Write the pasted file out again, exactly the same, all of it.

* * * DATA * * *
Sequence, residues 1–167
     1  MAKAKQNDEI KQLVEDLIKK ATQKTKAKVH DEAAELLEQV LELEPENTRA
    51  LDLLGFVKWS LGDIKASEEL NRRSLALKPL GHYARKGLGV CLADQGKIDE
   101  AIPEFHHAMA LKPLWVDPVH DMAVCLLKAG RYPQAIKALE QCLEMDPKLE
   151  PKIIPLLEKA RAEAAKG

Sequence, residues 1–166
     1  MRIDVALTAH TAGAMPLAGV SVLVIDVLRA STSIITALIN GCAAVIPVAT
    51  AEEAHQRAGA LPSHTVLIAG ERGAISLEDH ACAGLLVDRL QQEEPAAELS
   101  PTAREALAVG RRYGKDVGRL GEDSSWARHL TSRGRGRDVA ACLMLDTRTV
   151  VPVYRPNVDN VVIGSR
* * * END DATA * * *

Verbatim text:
Sequence, residues 1–167
     1  MAKAKQNDEI KQLVEDLIKK ATQKTKAKVH DEAAELLEQV LELEPENTRA
    51  LDLLGFVKWS LGDIKASEEL NRRSLALKPL GHYARKGLGV CLADQGKIDE
   101  AIPEFHHAMA LKPLWVDPVH DMAVCLLKAG RYPQAIKALE QCLEMDPKLE
   151  PKIIPLLEKA RAEAAKG

Sequence, residues 1–166
     1  MRIDVALTAH TAGAMPLAGV SVLVIDVLRA STSIITALIN GCAAVIPVAT
    51  AEEAHQRAGA LPSHTVLIAG ERGAISLEDH ACAGLLVDRL QQEEPAAELS
   101  PTAREALAVG RRYGKDVGRL GEDSSWARHL TSRGRGRDVA ACLMLDTRTV
   151  VPVYRPNVDN VVIGSR